The most recent research indicates that there were three Zwiener brothers from Herdon, Germany. The eldest brother Joseph had by the 1880s established a substantial workshop in the city of Breslau in Silesia, now in Western Poland. His younger brothers Emmanuel and Julius were, by the same time, working in Paris. Recorded from 1880 with workshops at 12, rue de la Roquette they established themselves as premier haut luxe cabinet makers of the period, producing elegant pieces of furniture replicating royal models from the Garde-Meuble National of France, most notably a replica of the celebrated bureau de Roi by Jean-Henri Riesener and Jean-François Oeben which was supplied to Ludwig II at Herrenchiemsee, which was placed in the King’s study in 1884. Their own creations varied a dynamic interpretation of the French Rococo style. Zwiener’s furniture is often inlaid with the finest marquetry and set with ambitiously modelled ormolu figural mounts. In 1895, on receiving an important royal commission from Kaiser Wilhelm II of Prussia, Julius returned to Berlin to set up his own workshops and the same year his brother Emmanuel retired selling the 12, rue de la Roquette workshops for 10,000 francs to Jean-Henri Jansen (1854-1929), founder of Maison Jansen. Dating from this time, some Zwiener furniture is found to be stamped by both Zwiener and Jansen.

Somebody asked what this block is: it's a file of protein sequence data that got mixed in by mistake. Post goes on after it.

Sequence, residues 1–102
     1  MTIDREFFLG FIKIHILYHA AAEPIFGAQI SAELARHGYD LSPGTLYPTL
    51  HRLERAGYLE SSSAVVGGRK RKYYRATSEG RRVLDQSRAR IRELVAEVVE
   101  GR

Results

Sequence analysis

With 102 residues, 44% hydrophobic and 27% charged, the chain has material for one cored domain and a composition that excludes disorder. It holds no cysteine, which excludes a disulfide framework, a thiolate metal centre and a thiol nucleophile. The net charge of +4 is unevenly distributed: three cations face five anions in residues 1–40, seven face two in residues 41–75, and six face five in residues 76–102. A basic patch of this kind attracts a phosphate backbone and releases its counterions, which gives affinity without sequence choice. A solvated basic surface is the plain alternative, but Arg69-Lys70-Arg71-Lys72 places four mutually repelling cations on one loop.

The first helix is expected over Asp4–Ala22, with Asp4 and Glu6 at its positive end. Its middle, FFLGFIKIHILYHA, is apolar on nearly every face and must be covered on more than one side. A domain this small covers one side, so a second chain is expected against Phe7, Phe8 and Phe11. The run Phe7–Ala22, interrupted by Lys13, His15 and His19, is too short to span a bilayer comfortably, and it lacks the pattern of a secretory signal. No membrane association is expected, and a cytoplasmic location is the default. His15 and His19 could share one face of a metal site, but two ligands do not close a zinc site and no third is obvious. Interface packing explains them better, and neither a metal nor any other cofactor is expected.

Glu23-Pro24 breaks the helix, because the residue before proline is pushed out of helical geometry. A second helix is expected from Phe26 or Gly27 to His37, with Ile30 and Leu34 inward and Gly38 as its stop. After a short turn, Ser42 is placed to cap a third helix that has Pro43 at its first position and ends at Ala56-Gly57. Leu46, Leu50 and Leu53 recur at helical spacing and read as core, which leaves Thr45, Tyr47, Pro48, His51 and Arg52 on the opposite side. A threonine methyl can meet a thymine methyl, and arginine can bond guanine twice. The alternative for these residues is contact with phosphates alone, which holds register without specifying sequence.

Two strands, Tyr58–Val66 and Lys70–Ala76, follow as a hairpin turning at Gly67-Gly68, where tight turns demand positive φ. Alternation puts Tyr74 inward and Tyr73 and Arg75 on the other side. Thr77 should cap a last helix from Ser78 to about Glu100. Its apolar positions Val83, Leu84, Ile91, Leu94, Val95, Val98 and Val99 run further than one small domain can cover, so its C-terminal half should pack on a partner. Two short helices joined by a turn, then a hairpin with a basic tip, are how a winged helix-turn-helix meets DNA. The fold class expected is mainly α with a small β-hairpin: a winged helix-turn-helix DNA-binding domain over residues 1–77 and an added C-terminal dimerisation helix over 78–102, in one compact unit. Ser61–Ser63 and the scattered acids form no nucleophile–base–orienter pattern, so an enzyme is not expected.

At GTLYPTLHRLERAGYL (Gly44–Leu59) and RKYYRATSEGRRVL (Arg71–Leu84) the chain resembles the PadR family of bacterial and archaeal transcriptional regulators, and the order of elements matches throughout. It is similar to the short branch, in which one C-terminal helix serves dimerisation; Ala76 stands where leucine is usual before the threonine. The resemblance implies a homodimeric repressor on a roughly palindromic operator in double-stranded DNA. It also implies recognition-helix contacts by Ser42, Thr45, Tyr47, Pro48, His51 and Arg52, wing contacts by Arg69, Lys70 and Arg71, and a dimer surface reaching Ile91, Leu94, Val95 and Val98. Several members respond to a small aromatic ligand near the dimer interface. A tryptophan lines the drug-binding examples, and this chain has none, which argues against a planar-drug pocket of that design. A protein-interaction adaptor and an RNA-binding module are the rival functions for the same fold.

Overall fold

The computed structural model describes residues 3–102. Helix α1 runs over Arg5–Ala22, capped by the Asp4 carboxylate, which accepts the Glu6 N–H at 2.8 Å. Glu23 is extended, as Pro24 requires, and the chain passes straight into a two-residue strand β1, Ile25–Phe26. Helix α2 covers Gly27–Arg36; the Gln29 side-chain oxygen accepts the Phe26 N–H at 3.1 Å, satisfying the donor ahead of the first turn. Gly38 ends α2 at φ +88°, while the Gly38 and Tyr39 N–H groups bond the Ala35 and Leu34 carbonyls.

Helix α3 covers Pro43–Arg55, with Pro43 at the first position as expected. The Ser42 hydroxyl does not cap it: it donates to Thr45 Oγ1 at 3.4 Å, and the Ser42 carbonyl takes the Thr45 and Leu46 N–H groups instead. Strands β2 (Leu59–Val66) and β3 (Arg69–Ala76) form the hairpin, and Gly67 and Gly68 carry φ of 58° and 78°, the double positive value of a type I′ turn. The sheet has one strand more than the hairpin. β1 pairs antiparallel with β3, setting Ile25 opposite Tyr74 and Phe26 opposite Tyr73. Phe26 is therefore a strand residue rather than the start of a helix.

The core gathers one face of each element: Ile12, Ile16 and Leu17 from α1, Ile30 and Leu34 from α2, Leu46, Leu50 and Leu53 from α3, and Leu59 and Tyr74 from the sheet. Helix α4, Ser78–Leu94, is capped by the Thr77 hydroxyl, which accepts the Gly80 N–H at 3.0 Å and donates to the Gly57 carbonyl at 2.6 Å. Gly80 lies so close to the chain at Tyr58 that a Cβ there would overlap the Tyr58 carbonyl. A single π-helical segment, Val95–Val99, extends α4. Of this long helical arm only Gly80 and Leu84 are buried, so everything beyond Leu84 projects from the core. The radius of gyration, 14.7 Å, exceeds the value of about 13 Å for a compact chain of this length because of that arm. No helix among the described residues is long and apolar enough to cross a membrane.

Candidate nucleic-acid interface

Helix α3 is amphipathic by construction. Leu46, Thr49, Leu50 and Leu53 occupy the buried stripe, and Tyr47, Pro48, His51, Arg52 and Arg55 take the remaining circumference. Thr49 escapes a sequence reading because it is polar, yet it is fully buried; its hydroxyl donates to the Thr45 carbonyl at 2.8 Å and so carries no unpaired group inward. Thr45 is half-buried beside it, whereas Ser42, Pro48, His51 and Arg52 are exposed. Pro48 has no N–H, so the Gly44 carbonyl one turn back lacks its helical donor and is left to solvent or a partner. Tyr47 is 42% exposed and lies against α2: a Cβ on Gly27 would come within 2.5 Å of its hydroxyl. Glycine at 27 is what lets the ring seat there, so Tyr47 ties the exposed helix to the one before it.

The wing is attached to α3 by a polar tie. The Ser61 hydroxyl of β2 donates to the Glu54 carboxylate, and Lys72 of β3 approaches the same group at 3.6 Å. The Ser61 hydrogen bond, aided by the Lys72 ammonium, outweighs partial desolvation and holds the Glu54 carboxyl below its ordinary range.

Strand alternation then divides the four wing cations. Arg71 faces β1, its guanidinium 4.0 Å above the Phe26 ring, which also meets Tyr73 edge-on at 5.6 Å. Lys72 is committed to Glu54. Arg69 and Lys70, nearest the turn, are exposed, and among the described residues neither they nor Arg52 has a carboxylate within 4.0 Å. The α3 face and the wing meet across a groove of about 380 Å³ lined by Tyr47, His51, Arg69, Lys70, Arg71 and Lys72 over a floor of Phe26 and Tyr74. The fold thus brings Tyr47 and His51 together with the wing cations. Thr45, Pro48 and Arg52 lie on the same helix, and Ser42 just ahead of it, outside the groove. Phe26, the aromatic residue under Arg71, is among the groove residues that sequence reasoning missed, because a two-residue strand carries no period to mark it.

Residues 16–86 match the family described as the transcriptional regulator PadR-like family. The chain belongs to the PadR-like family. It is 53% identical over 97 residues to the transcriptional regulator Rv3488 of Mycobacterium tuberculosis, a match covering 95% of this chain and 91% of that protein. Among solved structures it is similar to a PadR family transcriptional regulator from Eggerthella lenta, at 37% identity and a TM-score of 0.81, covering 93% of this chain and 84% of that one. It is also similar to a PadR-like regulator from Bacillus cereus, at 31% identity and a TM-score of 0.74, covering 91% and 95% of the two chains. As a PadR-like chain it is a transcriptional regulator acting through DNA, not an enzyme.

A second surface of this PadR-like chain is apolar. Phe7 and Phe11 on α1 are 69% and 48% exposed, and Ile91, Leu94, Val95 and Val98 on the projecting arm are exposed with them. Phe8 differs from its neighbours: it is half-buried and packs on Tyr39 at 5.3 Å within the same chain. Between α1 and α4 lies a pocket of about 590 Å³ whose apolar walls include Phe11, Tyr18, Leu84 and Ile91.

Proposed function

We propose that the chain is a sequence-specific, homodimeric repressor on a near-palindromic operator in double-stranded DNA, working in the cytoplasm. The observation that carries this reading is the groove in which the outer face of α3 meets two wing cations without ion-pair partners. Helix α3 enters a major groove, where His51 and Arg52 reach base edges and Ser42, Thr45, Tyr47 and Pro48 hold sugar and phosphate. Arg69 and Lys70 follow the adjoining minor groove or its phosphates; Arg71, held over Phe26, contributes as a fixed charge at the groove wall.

Zwiener’s production culminated in being awarded the coveted medaille d’or for a rococo style vernis Martin-decorated serre-bijoux cabinet at the Paris 1889 Exposition universelle. It subsequently entered the collection at Gatchina of Empress Maria Feodorovna of Russia and was most recently sold in London in 2011. The jury at the 1889 exhibition noted ‘dès ses débuts d’une Exposition universelle, [il] s’est mis au premier rang par la richesse, la hardiesse et le fini de ses meubles incrustis de bronzes et fort habilement marquetis’ (‘from his debut at the exhibition, [Zwiener] has been in the top tier for his furniture of great richness, boldness and finished with bronzes and skilful marquetry’). Many of the pieces executed by Zwiener for the Prussian royal palaces were brought to Huis Doorn in Utrecht in 1918, where the Kaiser lived in exile until his death in 1941, and in addition to making furniture for Kaiser Wilhelm II of Prussia and King Ludwig II of Bavaria, Zwiener supplied furniture to an elite international cliental including some of his most famous pieces for the New York mansion of the financier and art collector Charles Tyson Yerkes (1837–1905). Zwiener furniture is also recorded at De Haar Castle, the Netherlands, probably originally supplied to Etienne and Hélène de Zuylen, née de Rothschild for their Paris home.
The gilt-bronze mounts to furniture by Zwiener were often marked to the reverse with the maker’s initials. Several of Zwiener’s mounts have been found to have a ‘Z’, ‘ Zw’, a ‘IZ’, ‘NZ’, ‘ZN’ or a ‘ZJ’ on the reverse. Few pieces known to be by Zwiener have been found to be stamped or have a full signature and /or a date.
Mestdagh, Camille & Lécoules, Pierre. L’Ameublement d’art français : 1850-1900, Les Editions de l’Amateur, (Paris), 2010; pp. 301-305.
Payne, Christopher. François Linke, 1855-1946, The Belle Epoque of French Furniture, Antique Collectors’ Club, (Woodbridge, UK), 2003.
Meyer, Jonathan. Great Exhibitions – London, New York, Paris, Philadelphia, 1851-1900, Antique Collectors’ Club, (Woodbridge, UK), 2006; p. 270, pls. H14; p. 299, p.302.
D. Ledoux-Lebard, Les Ébénistes du XIXe Siècle, (Paris), 1984, pp. 645-648.
Maze-Sencier. Les Livres des Collectionneurs, (Paris), 1885.